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ECE Seminar Lecture Series

 

Listening to the Sound of Light to Guide Surgeries

Muyinatu Bell

Wednesday, November 11, 2020
Noon–1 p.m.

https://rochester.zoom.us/j/92474082834?pwd=UUtxeVNXOCsrcFJwem5BUlAyTllNUT09

Muyinatu Bell

Abstract:

Photoacoustic imaging offers “x-ray vision” to see beyond tool tips and underneath tissue during surgical procedures, yet no ionizing x-rays are required. Instead, optical fibers and acoustic receivers enable photoacoustic sensing of major structures – like blood vessels and nerves – that are otherwise hidden from view. The entire process is initiated by delivering laser pulses through optical fibers to illuminate regions of interest, causing an acoustic response that is detectable with ultrasound transducers. Beamforming is then implemented to create a photoacoustic image. In this talk, I will highlight novel light delivery systems, new spatial coherence beamforming theory, deep learning alternatives to beamforming, and robotic integration methods, each pioneered by the Photoacoustic & Ultrasonic Systems Engineering (PULSE) Lab to enable an exciting new frontier of photoacoustic-guided surgery. This new paradigm has the potential to eliminate the occurrence of major complications (e.g., excessive bleeding, paralysis, accidental patient death) during a wide range of delicate surgeries and procedures, including neurosurgery, cardiac catheter-based interventions, liver surgery, spinal fusion surgery, hysterectomies, biopsies, and teleoperative robotic surgeries. 

 

Bio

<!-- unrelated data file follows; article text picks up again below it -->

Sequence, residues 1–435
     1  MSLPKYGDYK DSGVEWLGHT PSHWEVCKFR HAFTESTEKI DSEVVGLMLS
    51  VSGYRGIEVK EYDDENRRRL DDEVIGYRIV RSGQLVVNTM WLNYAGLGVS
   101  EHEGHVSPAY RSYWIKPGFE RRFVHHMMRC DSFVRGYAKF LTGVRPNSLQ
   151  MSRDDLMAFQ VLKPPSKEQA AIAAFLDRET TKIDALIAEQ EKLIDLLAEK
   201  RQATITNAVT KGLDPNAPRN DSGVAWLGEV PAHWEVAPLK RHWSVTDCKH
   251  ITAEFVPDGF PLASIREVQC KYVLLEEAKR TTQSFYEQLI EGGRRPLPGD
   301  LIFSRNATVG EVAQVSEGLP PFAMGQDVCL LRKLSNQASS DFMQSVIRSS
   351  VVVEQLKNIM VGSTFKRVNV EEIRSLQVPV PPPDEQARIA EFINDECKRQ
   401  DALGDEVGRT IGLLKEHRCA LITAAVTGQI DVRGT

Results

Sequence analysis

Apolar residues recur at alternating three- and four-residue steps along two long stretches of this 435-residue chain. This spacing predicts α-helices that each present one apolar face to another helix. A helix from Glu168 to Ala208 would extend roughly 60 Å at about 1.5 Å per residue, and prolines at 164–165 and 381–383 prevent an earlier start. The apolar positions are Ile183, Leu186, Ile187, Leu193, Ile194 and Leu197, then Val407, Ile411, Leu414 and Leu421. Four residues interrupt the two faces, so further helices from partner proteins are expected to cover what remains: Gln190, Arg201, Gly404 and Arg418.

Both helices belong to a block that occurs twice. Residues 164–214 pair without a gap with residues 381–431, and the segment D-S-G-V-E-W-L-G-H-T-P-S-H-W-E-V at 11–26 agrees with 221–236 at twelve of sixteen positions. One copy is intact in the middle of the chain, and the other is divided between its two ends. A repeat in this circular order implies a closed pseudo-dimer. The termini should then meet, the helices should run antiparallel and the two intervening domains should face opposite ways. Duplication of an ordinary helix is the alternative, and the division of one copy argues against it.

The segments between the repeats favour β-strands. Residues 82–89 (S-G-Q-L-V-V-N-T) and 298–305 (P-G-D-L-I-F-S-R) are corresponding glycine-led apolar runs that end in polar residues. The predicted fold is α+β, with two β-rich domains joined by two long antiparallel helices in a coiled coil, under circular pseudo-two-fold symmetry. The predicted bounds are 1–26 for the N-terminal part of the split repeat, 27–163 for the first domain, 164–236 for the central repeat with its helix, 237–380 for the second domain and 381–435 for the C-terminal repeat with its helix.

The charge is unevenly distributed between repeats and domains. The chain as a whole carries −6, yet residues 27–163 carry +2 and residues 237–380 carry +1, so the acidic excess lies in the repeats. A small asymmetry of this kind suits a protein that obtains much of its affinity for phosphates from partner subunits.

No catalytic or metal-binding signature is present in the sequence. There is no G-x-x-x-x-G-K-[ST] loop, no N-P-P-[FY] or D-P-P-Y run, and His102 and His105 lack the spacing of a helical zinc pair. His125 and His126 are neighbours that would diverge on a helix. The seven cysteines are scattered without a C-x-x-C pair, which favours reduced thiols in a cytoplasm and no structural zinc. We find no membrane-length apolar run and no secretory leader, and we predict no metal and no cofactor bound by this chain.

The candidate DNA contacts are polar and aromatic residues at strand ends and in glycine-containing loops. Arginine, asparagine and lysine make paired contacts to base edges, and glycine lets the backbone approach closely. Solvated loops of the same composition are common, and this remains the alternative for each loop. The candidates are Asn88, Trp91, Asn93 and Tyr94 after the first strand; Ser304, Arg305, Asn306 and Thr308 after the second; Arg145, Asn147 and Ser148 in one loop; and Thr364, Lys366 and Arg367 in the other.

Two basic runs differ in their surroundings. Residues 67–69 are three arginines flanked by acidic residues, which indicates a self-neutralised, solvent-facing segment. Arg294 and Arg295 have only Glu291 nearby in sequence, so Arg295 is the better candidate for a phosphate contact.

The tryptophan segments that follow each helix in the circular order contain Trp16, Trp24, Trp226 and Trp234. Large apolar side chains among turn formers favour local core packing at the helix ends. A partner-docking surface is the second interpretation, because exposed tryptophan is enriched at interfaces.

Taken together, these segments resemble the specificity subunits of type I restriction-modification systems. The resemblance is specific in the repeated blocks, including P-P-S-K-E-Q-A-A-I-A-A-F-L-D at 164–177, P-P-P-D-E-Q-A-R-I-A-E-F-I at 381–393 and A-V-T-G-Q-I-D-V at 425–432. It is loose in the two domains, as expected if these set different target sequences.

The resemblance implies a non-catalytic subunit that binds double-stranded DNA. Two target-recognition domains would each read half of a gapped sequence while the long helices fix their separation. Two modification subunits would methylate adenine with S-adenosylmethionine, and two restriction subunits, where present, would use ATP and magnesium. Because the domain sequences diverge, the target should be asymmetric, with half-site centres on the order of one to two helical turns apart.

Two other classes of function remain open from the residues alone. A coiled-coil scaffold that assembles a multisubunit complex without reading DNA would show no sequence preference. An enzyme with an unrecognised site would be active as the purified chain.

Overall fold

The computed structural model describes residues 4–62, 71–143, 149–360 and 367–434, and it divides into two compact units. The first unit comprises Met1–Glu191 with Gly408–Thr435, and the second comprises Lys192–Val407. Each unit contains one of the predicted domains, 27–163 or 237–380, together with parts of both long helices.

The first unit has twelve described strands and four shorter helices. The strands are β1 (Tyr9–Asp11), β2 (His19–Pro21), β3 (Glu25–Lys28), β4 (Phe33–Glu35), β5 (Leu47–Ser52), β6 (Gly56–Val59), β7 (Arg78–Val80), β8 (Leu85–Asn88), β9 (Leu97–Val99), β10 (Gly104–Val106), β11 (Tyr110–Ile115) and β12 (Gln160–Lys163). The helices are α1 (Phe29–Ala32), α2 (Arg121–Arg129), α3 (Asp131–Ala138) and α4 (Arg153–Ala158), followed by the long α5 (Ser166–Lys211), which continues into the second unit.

Muyinatu Bell is an Assistant Professor of Electrical and Computer Engineering, Biomedical Engineering, and Computer Science at Johns Hopkins University, where she founded and directs the Photoacoustic and Ultrasonic Systems Engineering (PULSE) Lab. Dr. Bell earned a B.S. degree in Mechanical Engineering (biomedical engineering minor) from Massachusetts Institute of Technology (2006), received a Ph.D. degree in Biomedical Engineering from Duke University (2012), conducted research abroad as a Whitaker International Fellow at the Institute of Cancer Research and Royal Marsden Hospital in the United Kingdom (2009-2010), and completed a postdoctoral fellowship with the Engineering Research Center for Computer-Integrated Surgical Systems and Technology at Johns Hopkins University (2016). She is Associate Editor-in-Chief of IEEE Transactions on Ultrasonics, Ferroelectrics, and Frequency Control (T-UFFC), Associate Editor of IEEE Transactions on Medical Imaging, and holds patents for short-lag spatial coherence beamforming and photoacoustic-guided surgery. She is a recipient of multiple awards and honors, including MIT Technology Review’s Innovator Under 35 Award (2016), the NSF CAREER Award (2018), the NIH Trailblazer Award (2018), the Alfred P. Sloan Research Fellowship (2019), the ORAU Ralph E. Powe Jr. Faculty Enhancement Award (2019), and Maryland’s Outstanding Young Engineer Award (2019). She most recently received the inaugural IEEE UFFC Star Ambassador Lectureship Award (2020) from her IEEE society.